Technically speaking, this isn't a culinary "adventure" really, because this is a recipe I've done several times over.  It is unique in this respect, though: from start to last batch in the oven I managed it in 38 minutes, my best time yet.  Once the last batch comes out it'll be 50 minutes even.  Practice makes perfect - and speedy - but this is a painless recipe with a fluffy, chocolate-y result that will make you feel great, even if you're single.  Feeling brave, or craving chocolate?  Read on below for my recipe; try it once or twice, modify it, and make it your own!

James's Chocolate Sour Cream Cookies

1 c. sugar
1/2 c. margarine or butter
1/2 c. dairy sour cream
1 tsp. vanilla extract
2 eggs
2-1/4 c. flour
1 tsp. baking soda
1/4 tsp. salt
1/4 c. cocoa powder
1 c. chocolate chips

Preheat your oven to 350 degrees.  Soften the margarine or butter (you can partially melt it in the microwave, but there's no need to liquefy it), and then mix it with the sugar, sour cream, vanilla, and eggs.  This can be done by hand or with electric hand mixer, which yields a fluffier dough.  Next, mix in the flour, the baking soda, the salt, the cocoa powder, and the chocolate chips.  If you feel like adding some zing, grate some orange peel and add that too (warning: work intensive; will definitely hurt your speed).  Drop dough by teaspoonfuls onto greased cookie sheets and bake at 350 for 10 to 12 minutes.  Because of the cocoa powder the cookies won't really change color as they cook; they're done when a gentle tap on the top yields a firm (but not hard) cookie - still squishy/mushy and they need to bake longer.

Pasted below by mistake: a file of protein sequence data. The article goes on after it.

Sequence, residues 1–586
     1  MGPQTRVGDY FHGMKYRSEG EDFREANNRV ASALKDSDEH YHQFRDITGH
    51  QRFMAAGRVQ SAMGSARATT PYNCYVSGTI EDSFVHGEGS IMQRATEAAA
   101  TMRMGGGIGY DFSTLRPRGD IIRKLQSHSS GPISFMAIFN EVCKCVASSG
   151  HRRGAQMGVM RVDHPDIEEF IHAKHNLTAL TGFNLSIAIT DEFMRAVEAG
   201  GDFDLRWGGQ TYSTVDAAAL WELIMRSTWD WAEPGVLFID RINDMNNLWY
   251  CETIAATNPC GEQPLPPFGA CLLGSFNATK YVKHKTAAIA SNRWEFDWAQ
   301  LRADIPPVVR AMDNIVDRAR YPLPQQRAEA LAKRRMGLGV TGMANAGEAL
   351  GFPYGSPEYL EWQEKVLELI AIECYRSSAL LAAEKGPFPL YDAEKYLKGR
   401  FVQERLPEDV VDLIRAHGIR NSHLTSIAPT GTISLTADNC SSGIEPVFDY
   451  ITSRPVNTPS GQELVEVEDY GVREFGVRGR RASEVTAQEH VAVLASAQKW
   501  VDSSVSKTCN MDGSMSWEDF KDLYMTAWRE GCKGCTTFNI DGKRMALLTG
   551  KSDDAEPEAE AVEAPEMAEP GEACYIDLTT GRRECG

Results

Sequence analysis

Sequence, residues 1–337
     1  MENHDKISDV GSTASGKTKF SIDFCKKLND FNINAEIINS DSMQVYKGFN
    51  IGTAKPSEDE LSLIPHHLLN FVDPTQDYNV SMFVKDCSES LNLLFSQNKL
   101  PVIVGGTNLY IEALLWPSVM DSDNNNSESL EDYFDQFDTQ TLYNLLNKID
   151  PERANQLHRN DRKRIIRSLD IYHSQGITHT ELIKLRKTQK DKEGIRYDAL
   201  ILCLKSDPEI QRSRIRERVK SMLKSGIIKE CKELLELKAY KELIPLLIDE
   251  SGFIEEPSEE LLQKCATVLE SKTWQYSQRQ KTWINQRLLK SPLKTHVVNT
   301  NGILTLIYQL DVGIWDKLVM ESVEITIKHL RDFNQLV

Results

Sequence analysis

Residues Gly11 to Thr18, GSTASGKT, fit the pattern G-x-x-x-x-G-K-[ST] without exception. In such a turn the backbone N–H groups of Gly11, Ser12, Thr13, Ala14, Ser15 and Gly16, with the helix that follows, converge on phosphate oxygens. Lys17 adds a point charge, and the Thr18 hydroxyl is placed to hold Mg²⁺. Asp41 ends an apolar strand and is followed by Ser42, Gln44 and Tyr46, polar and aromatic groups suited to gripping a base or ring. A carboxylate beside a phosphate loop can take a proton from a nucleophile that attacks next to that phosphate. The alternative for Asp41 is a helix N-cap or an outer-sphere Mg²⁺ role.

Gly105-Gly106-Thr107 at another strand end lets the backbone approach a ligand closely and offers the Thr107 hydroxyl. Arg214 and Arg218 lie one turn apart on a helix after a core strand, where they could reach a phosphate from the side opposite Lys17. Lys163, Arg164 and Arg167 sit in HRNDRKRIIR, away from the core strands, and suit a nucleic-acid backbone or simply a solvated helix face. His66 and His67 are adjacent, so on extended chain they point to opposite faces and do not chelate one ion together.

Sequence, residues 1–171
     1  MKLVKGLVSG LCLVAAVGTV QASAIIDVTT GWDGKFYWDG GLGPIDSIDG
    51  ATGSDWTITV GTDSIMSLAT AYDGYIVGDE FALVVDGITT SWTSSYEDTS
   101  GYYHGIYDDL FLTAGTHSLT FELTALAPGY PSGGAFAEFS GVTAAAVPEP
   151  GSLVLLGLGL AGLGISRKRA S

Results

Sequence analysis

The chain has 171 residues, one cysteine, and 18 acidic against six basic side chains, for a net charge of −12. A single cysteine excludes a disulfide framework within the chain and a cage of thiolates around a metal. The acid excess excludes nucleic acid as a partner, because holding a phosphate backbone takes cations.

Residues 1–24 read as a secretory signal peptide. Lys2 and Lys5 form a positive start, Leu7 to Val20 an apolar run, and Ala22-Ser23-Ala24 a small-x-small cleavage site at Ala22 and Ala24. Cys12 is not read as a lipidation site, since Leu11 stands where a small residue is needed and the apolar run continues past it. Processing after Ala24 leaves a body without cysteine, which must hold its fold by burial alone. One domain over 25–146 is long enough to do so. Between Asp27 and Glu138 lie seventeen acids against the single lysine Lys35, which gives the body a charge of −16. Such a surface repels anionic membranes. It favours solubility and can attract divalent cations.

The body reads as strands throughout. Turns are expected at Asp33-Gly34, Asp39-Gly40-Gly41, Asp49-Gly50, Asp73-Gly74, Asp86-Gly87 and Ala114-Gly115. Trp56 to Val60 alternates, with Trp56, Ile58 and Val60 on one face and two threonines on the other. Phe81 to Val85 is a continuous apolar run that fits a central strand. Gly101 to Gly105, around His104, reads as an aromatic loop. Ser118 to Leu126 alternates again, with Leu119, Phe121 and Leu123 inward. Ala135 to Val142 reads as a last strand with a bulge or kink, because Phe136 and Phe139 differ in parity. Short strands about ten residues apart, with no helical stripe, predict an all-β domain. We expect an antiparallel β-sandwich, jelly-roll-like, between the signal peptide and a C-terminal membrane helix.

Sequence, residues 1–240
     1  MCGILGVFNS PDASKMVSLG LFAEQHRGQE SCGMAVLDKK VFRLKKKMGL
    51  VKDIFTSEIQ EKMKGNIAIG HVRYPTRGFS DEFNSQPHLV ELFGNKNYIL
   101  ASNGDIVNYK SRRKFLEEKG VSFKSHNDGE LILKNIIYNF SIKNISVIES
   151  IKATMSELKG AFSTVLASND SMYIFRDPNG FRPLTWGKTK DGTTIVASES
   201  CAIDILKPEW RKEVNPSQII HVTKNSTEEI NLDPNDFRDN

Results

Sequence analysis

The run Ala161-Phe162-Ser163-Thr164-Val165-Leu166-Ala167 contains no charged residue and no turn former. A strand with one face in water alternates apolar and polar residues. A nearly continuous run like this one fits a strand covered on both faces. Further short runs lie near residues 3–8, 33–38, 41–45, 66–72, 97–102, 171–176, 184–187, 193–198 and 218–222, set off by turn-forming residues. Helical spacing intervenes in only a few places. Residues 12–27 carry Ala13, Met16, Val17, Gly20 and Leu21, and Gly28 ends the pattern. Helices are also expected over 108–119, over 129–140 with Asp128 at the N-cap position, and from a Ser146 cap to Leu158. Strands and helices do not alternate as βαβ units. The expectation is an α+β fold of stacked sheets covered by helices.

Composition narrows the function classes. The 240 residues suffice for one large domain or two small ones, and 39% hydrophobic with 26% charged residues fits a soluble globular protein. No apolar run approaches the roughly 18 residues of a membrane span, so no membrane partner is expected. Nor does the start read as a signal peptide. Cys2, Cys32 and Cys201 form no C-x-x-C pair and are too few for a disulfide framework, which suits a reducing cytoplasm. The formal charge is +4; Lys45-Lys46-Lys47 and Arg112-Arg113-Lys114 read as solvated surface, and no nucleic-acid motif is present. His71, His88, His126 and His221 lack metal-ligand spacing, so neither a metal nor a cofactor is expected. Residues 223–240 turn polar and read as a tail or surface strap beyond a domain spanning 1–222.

To make the original recipe (Sour Cream Cookies, no chocolate), remove the cocoa powder and chocolate chips and substitute instead 1/2 tsp. ground nutmeg (or more if you like your cookies with attitude).  These cookies are very forgiving and take to experimenting well - I'm going to do a ginger version at some point.

Enjoy, and Happy Valentine's Day!

[By the way, props to Life in a Cramped Kitchen, which gave me the idea of sharing this recipe along with the picture, since I normally tantalize with a picture but don't give out a recipe.  I'm just mean, I guess.  Check out LICK (hey, cool acronym!) for some great recipes and beautiful photographs.]